Monday, January 25, 2010

Back to Tristan and Iseult

Next week I'll go back to Salina, KS for a couple more days of a school residency. Though I don't yet have my schedule, I expect to visit two sixth grade classes (11-12 yr olds) to tell Tristan and Iseult.

Debbie, the teacher, is a big fan of this story. She was as disappointed as I was when the extremely bad movie came out in 2006. I won't go into my rant here.

I do love this story. I've told it on the radio (KOPN-FM in Columbia, MO), at the Going Deep Long Traditional Story Retreat, twice at the Johnson County Juvenile Detention Center, at the Smoky Hill River Festival, in solo shows at the Union Pacific Depot in Lawrence and at house concerts. I almost told it in Mexico last year, but it didn't quite fit the schedule.

This is my longest piece, clocking in at about 95 minutes. I'll try to get a good recording of it this time--the last time I got a halfway decent audiorecording was many years ago, not for want of trying. What is it about the story that stymies technology? Is it because it was first written down in the 1100s?
Here's the text of the program for the shows at the Depot:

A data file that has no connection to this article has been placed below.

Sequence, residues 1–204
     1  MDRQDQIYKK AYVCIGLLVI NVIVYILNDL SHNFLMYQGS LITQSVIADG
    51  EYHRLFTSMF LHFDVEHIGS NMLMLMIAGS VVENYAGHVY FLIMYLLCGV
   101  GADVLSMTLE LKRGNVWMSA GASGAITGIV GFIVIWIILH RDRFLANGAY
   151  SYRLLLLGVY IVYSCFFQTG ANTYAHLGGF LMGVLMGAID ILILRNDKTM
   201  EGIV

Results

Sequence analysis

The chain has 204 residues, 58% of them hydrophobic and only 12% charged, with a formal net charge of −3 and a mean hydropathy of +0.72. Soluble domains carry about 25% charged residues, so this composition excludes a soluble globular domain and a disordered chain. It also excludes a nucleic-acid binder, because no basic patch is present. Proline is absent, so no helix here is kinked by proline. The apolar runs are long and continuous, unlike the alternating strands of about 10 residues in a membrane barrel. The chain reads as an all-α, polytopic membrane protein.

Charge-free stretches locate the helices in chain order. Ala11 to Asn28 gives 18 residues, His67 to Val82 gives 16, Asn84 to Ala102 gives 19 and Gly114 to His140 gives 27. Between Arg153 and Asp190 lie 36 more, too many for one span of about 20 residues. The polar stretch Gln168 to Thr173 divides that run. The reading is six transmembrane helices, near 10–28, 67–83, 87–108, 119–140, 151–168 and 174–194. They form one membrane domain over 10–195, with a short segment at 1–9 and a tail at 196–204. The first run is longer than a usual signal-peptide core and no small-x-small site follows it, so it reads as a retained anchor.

Tristan and Iseult, A Medieval Classic

An epic tale of good luck, bad choices, giants, dragons, fools, betrayal and of course, Romance.

Some stories are meant to last. Tristan and Iseult was first written down between 1160-1190 by Beroul (French poet) and around 1173 by Thomas of Britain, originally from the oral tradition, probably from a Celtic tale.

Sir Thomas Malory folded this story into the Arthurian legend, in Le morte d’Arthur (1469). Many other versions have been written and told in various languages and styles, including Wagner’s opera Tristan und Isolde.

As a storyteller, I perform without notes or script, with only the images in my mind to prompt me. I use Le roman de Tristan et Iseut by Joseph B├ędier (1864-1938) as my base; there is a nicely readable translation by Hilaire Belloc, The romance of Tristan and Iseult .

I have taken liberties: some scenes are omitted, others expanded, and there are slight anachronisms, all in the service of the story. Stories live and change in the process of telling.

Time to go refresh my memory of this fantastic epic!



HI, Priscilla. Would love to hear you tell this tale. Have been reading several versions of the Tales of Arthur this winter - turned to Tristan and Iseult this morning. Very excited to learn from you that there is much more to the story. Thanks.

Anonymous said...

Go, Priscilla!